Nearly two years after we were pronounced married by New York state in front of our family and friends, my husband and I are finally married in the eyes of the federal government.
Okay, it took an order from the Supreme Court. But Cheng and I are celebrating anyway.
Like so many other same-sex couples wed under the shadow of the so-called Defense of Marriage Act, we had been treated as second-class citizens — forced to pay extra to file our taxes and get spousal health coverage. We were denied access to federal programs such as Social Security or immigration green cards — among the many federal protections automatically afforded other married couples who are not gay.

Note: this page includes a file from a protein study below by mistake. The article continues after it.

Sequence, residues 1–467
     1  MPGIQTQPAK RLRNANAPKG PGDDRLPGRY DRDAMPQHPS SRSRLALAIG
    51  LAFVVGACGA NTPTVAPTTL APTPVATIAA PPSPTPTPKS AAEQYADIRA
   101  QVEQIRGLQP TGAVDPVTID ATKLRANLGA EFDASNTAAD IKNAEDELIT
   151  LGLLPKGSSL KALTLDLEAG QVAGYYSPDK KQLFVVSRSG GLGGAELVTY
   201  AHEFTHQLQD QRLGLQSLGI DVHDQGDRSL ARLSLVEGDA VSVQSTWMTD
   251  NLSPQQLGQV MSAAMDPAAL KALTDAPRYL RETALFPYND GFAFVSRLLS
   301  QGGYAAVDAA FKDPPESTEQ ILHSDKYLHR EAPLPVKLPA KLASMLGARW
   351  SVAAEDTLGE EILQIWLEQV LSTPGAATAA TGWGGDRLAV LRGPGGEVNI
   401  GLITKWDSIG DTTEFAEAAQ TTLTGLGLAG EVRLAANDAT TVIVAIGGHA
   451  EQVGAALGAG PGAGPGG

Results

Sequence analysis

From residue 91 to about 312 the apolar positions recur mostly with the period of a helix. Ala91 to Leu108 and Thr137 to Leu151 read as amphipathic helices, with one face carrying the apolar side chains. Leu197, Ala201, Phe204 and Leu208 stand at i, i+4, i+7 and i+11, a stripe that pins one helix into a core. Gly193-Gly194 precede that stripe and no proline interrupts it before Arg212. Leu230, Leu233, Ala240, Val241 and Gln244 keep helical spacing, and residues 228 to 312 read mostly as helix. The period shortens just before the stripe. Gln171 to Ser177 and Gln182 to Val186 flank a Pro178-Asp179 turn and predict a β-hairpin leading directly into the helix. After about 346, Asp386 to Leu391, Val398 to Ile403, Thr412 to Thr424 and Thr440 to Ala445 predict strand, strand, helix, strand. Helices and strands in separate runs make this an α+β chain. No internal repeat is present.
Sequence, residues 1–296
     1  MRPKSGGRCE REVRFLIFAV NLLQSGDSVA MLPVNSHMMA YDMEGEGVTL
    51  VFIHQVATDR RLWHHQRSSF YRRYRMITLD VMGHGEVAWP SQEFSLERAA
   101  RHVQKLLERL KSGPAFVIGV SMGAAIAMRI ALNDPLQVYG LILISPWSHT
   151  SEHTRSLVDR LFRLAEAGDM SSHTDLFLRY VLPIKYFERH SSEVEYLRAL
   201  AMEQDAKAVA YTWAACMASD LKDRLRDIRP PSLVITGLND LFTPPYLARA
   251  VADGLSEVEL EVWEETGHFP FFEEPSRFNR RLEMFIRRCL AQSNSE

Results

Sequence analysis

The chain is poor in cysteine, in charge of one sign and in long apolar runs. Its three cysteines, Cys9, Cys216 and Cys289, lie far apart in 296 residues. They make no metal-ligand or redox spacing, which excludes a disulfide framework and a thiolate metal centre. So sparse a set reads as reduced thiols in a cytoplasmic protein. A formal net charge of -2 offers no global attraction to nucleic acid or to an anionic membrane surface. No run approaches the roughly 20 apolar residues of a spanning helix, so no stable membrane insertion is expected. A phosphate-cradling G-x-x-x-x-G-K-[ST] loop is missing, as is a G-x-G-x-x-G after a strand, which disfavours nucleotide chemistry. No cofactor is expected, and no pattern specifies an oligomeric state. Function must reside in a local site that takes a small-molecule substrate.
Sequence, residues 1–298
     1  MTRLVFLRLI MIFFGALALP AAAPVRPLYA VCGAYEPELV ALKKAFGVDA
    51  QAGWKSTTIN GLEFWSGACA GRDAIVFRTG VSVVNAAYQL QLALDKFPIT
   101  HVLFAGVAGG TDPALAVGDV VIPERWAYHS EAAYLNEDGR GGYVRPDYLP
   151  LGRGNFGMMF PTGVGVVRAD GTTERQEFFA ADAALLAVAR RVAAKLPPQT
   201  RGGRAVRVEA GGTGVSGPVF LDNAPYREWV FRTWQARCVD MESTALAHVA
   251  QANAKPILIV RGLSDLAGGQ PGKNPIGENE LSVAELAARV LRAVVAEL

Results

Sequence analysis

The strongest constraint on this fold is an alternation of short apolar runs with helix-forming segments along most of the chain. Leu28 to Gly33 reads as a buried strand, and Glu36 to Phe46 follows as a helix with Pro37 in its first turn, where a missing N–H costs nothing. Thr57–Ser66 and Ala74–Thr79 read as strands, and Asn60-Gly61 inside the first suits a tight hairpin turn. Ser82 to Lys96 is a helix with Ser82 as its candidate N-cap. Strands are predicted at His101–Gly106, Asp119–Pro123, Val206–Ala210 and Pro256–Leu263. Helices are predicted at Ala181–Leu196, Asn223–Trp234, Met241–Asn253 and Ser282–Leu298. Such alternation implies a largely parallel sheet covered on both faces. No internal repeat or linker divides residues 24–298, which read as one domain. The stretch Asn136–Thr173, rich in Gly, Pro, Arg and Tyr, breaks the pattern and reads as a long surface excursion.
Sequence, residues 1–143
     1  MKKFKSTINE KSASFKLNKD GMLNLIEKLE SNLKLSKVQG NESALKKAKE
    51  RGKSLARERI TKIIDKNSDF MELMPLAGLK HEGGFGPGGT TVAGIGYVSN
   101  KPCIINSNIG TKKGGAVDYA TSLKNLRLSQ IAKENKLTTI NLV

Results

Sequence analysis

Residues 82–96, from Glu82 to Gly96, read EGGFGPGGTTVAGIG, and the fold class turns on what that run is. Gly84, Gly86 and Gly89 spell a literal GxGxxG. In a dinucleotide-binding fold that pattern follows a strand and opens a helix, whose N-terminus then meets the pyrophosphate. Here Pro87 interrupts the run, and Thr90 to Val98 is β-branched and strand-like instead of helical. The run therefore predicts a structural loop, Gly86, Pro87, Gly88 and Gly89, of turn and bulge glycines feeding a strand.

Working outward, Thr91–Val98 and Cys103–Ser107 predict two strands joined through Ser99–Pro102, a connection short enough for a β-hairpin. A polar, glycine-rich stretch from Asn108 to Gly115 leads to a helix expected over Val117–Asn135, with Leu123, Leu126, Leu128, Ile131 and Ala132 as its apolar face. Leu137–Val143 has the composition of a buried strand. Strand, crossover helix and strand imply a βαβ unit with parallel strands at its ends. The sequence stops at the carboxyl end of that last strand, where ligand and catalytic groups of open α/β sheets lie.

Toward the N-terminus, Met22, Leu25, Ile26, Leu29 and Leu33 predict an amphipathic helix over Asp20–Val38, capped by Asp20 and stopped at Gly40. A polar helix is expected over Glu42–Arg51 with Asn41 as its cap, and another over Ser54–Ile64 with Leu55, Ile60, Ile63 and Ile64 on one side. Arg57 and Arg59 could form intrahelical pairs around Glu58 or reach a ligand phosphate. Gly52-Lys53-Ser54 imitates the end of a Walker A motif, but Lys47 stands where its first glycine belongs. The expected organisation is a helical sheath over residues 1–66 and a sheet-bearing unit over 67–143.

But though my husband and I, here in New York, can look forward to the federal government finally treating us as what we are — married — that simple respect is still denied couples just like us in, say, North Carolina.
Cheng and I can now take family leave to care for each other without fear of losing our jobs. But Mark Maxwell and Timothy Young of Winston-Salem, who can’t even both be legal parents to their four sons because of state discrimination, are denied that — even though they were legally married in Washington earlier this year.